Is Black Back?

African American's Preference for 'Black' vs. 'African American'

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Carol Watson Pepper Miller
I was born and raised in Chicago, but also lived with my family in the South during the pinnacle of the civil rights movement when I was 7 to 11 years old. In grade school, I recall a heated squabble during recess between two boys in my fifth-grade class. Although there were no punches thrown and no cursing, things got loud and a crowd began to form.

Finally, one of the teachers intervened. "He called me Black!!!" the accuser yelled when the teacher questioned them. Sympathetic oohs and ahs for the verbally affronted kid emerged from the sidelines as dubbing a person of African descent "Black" back then, especially in the South, was as offensive to Black people as Don Imus' recent slanderous comments about the Rutgers University women's basketball team.

There has been an evolution of racial labels on African Americans. We were Negroes in the north, and colored in the south. Then James Brown told us to stand up and proclaim our Blackness through his personal anthem for Black people, "Say it Loud, I'm Black and I'm proud!" The term African American became popular after 1988 when Rev. Jesse Jackson held a news conference to encourage America to use it when referring to Blacks. However, since then, several societal shifts have caused a resurgence of the use of Black:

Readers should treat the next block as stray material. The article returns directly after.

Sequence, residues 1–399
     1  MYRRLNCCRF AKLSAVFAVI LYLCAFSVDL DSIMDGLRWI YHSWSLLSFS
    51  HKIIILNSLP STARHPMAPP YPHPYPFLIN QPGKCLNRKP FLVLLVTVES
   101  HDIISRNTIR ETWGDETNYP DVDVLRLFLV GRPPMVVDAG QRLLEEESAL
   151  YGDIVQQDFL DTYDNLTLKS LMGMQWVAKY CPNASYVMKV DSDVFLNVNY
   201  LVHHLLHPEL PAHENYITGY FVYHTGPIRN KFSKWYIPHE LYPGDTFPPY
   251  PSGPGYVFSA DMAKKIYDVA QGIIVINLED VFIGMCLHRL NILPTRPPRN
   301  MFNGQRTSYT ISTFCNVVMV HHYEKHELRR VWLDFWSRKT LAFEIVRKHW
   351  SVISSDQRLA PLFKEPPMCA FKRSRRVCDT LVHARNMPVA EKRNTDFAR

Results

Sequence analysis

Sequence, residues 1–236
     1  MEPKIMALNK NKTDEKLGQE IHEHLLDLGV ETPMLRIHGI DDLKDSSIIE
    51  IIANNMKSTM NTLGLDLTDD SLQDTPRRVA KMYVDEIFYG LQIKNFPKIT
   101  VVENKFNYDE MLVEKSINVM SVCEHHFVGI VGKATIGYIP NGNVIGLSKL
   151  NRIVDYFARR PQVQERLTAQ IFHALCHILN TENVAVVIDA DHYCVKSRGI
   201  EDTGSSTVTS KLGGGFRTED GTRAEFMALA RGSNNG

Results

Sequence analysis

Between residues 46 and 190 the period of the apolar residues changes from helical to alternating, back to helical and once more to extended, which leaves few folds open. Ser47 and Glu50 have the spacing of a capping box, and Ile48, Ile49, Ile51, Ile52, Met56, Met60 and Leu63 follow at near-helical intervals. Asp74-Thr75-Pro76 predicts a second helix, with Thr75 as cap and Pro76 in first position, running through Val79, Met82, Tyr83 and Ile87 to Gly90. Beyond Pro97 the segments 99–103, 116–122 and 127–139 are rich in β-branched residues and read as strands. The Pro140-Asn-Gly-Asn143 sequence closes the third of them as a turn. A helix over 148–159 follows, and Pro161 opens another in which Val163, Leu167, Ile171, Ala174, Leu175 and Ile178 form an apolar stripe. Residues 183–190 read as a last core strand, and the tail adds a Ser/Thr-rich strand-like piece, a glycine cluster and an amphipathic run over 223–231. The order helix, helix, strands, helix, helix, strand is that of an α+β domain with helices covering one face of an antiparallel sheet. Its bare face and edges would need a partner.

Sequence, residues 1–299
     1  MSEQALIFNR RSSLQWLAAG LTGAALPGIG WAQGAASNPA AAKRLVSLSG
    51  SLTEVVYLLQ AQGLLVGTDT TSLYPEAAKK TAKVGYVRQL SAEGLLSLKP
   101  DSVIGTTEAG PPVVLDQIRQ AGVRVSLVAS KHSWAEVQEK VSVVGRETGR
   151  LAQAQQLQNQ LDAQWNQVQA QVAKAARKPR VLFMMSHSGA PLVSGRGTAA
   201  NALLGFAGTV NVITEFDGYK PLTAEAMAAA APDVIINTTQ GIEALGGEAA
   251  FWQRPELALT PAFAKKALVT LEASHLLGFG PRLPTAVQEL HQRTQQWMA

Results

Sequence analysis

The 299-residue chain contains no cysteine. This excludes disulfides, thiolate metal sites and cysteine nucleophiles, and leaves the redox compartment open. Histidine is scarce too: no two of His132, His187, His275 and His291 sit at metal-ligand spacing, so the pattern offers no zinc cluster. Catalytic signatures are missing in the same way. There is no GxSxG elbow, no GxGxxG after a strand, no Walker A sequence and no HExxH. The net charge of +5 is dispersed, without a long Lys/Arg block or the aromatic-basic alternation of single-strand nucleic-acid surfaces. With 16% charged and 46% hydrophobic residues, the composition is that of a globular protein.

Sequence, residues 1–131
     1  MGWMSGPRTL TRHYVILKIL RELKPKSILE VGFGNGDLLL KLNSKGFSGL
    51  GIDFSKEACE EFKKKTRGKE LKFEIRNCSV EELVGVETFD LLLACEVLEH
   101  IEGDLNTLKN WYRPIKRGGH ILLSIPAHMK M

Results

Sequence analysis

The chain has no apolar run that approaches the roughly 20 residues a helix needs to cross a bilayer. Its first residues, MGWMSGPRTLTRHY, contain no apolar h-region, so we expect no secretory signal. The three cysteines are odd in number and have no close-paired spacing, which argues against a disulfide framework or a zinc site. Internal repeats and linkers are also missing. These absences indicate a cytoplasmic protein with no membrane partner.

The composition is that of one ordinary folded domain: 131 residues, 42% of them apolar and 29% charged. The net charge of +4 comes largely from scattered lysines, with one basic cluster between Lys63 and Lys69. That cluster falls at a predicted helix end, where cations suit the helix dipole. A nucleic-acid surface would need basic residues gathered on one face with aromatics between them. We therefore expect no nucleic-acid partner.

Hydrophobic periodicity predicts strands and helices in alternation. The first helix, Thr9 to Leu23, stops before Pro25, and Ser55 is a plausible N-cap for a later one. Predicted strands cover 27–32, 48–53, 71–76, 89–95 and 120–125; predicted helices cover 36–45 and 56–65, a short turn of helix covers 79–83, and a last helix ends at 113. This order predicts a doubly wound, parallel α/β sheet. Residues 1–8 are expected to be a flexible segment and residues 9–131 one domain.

The 2000 Census, for the first time, encouraged people to self-select their race. This fueled more conscious discussions about where people fit in and how they preferred to be addressed.

The hip-hop culture's mandate to "keep it real" helped reintroduce Black as a positive expression of intimacy and familiarity, as opposed to the negative baggage it once carried before and during the civil rights movement.

Growth among both African and Caribbean immigrants who preferred Black as the term for being included in America's cultural fabric also contributed to the shift back to Black, as most tended to object to the African-American label.

These dynamics have also caused this issue to be more ambiguous than ever. For example, no matter how eloquent and insightful a speaker I might have been, at the end of many presentations the one question that is usually asked by white audience members (most often in private) is: "How do African Americans want to be addressed – Black or African American?

Black bloggers The Angry Black Woman and Ron's Log prefer the term "Black," as do many people who posted responses to the Black vs. African American question:

"African American excludes non-African Blacks. ... We have a lot in common with people all over the globe. Our issues are not always uniquely American."

"...the bigger drawback to African American is that you need to know if the person is an American."

"I am surprised that not a single Black American wants to be called and African American. ... They all just caved to the incredible pressure from the Census people"

Even though today more than ever, African American and Black are used interchangeably the current trends indicate a preference for Black, especially the impact from African and Caribbean immigrant growth.

"Black" or "African American" racial labels do make a difference, so getting it right, at the right time means understanding and paying attention to key societal shifts and currently, Black is back!
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